1 cup bourbon or whiskey
1/2 cup apple cider vinegar
2 teaspoons kosher salt
1/2 teaspoon black pepper
1/2 teaspoon red pepper flakes
Pickled collard green stems, for serving
Freeze the bacon 25 minutes. Remove and cut the bacon crosswise into 1/8-inch pieces.
Fill a sink with cold water. Place a cutting board near the sink. Stack 4 collard green leaves on top of each other. Remove the stems with a sharp knife and reserve for pickled collard green stems recipe. Cut the leaves into 2-inch squares. Repeat with remaining collard green leaves and rinse in cold water. Drain.
Heat the olive oil in a 4-quart stockpot over medium. Add the bacon. Cook until crisp, about 10 minutes. Remove from the heat. Transfer the bacon to paper towels to drain, reserving the drippings in pot. Reserve the bacon pieces for garnish.
Return the pot to medium heat. Cook the onions and garlic in the hot bacon drippings for 2 minutes, stirring often. Add the ham hocks and cook 5 minutes, turning every 45 seconds or so. Pour 4 cups cold water over the ham hocks and add the bourbon and vinegar. Bring to a simmer over medium and cook 25 minutes.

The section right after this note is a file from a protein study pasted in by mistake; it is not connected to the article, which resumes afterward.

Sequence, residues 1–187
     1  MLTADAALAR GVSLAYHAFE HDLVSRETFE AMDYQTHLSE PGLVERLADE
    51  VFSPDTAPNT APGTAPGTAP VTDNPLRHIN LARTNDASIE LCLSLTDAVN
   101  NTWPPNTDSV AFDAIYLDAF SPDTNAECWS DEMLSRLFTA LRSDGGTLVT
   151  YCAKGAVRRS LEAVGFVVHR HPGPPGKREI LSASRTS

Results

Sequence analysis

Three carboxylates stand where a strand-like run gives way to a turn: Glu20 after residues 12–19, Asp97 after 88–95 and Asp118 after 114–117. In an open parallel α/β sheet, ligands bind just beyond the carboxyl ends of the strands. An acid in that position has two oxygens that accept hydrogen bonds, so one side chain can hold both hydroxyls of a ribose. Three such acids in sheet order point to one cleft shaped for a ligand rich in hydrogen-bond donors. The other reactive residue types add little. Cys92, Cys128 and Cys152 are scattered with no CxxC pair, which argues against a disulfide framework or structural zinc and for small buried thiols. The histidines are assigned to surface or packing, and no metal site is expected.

Stir in 1/4 of the collards. Continue adding the collards, 1/4 at a time, stirring after each addition. After all collards have been added, simmer 2 minutes.
Sprinkle the collards with the salt and black pepper and cook until the greens are tender, 1 hour to 1 hour and 30 minutes. Remove from the heat and stir in the red pepper flakes. Let stand 30 minutes before serving.
Meanwhile, remove the ham hocks; cool slightly. Pull the meat from the bone. Chop the meat and add it to the collards. Discard the bones. Return the meat to the pot with the greens and stir. Discard the bones.
To serve, sprinkle the collard greens with the reserved bacon. Garnish with the pickled collard green stems. Serves 6.
Collard Green Ramen